February 13, 2013
Comcast Corp., in a bullish bet on traditional entertainment, is buying General Electric Co.'s stake in NBCUniversal for $16.7 billion, giving the cable operator full ownership of the film and television giant much sooner than expected.
Two years ago Comcast bought an initial 51% stake in NBCU, transforming the nation's biggest cable operator into a diversified media company. Now, Comcast is doubling down, despite the uncertainty facing the industry, given the rise of digital outlets like Netflix Inc. and Amazon.com Inc. NBCUniversal's cable channels, including USA, Bravo and MSNBC, continue to generate big profits. Meanwhile the NBC broadcast network has shown signs of a turnaround in recent months after a long period in the ratings doldrums, with revenue and cash flow both improving. "We feel good about the turnaround happening," said Comcast Chief Executive Brian Roberts.
For Philadelphia-based Comcast, the NBC purchase is a wager that it can achieve benefits by owning both distribution and content, a strategy tried and abandoned by other media companies such as Time Warner Inc. Regulatory conditions imposed on the original deal limited Comcast's flexibility in responding to upstart Internet video outlets on its cable systems, highlighting one of the risks of the marriage. Still, by cementing ownership, Comcast is signaling it isn't concerned by that issue. Shares of Comcast jumped 6.8% in after-hours trading following the announcement.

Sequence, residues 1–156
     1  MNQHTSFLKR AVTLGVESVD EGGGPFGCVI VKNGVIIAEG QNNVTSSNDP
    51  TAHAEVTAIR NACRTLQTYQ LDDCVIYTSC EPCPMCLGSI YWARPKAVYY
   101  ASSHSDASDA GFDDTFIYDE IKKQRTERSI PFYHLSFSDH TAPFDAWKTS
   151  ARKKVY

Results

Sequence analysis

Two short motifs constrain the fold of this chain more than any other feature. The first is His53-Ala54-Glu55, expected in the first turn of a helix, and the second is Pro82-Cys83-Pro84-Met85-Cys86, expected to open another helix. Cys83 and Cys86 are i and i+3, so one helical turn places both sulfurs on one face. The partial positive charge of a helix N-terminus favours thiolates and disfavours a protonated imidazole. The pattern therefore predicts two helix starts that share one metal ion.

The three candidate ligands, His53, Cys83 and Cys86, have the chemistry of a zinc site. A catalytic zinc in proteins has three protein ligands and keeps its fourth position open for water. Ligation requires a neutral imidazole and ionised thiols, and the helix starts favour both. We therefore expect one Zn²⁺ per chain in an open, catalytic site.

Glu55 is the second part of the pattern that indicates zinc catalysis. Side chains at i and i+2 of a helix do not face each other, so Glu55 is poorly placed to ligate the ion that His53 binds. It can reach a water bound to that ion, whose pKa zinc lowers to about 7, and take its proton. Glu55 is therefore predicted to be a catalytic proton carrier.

Comcast is also buying NBCUniversal's floors in the landmark New York City building at 30 Rockefeller Plaza, where NBC now broadcasts and which carries the GE sign, as well as CNBC's headquarters in New Jersey, for a total of $1.4 billion. Mr. Roberts declined to comment on whether the Comcast name would replace GE on the Rockefeller Plaza tower. Comcast had the right to buy out GE's remaining stake starting in July 2014 and extending several years past that date, while GE similarly had the right to sell its stake. "Our belief is that we would have paid more later," Mr. Roberts said.
GE board members believe the deal "was a good price," and formally approved selling the rest of its NBCUniversal stake last week, said one person close to the situation. The idea of an accelerated sale of the holding "has been percolating for a while," and GE directors began discussing it "some time back,"' this person said, while declining to be more specific. GE accepted Comcast's offer because "GE has some things it would like to do" with the money, this person added. "A candy bar today is better than a candy bar tomorrow."